Homelessness initiatives were the top priority of the special budget outlined Thursday night in a Dane County Board of Supervisors committee of the whole session. Of the $23 million in federal emergency money the county proposed to spend, the two largest line items were $10 million for eviction prevention and $9 million for homelessness services, as well as an additional $740,000 directed toward community-centered housing initiatives.
The county requested an additional $5 million to be allocated to Second Harvest, an organization that provides goods to food banks across Dane County. Also included was support for reimbursement of community partners’ coronavirus-related expenditures, county human resources administrative costs, projected public health expenses, Boys and Girls Club outreach and gift cards for families in the child welfare system.
This budget allocates part of the $95 million that Dane County received from the CARES Act, federal government funds to be used for expenses incurred as a result of the COVID-19 pandemic. The county received this money on April 23.
So far, Dane County has distributed $15 million of CARES Act money to homelessness services, as well asadditional funding for Public Health Madison & Dane County, asmall business grant program andgrants for child care providers. In total, $33 million has been spent, or about one-third of the fund.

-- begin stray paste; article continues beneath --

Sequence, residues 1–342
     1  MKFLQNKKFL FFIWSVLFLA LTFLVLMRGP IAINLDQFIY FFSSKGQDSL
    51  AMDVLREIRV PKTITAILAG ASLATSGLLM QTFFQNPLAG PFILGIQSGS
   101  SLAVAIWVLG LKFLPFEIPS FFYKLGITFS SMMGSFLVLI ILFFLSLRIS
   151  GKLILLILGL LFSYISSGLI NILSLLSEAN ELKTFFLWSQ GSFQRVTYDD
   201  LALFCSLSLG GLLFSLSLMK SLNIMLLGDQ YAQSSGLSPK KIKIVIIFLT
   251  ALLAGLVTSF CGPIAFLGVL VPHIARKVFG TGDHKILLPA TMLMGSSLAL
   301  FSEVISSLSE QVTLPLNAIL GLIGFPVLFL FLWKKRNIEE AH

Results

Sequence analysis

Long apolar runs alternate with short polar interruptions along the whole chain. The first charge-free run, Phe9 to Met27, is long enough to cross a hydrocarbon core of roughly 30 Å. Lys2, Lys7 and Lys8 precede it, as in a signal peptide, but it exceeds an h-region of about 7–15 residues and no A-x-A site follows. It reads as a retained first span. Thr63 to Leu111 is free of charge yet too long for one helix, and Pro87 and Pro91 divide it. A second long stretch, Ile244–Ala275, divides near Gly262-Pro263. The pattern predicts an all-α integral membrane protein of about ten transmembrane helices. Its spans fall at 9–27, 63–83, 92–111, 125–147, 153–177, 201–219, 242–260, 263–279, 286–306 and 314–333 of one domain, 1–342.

In reference to the money already allocated, District 32 Supervisor Mike Bare asked: “How were the entities getting a piece of the $95 million determined? What methodology was used to determine the need in the community?”
“Identifying what priorities clearly align and addressing those priorities is something Dane County has always tried to do its best at,” said Charles Hicklin, Dane County controller. “The next step is finding partners that could address those needs in a timely fashion that had the capacity to do that. Anybody can look at any of these initiatives and maybe they’re not perfect. But perfection takes time, and time is of the essence when it came to meeting the most immediate needs.”
The original Treasury Department guidelines state that this money cannot be used to make up shortfalls in the county budget and must be spent by Dec. 31 of this year. However, those guidelines might be changing due to new federal legislation, according to Hicklin. Several of the items proposed Thursday night hinge on that change.
If this budget is approved, the county proposed reserving the remaining $31 million for future expenditures, including $23.9 million in proposed revenue replacement.
“When the eviction moratorium is lifted, there will be a lot of people experiencing financial stress, and that $10 million will go a long way helping people in that position,” said Hicklin. That moratorium is scheduled to expire May 26.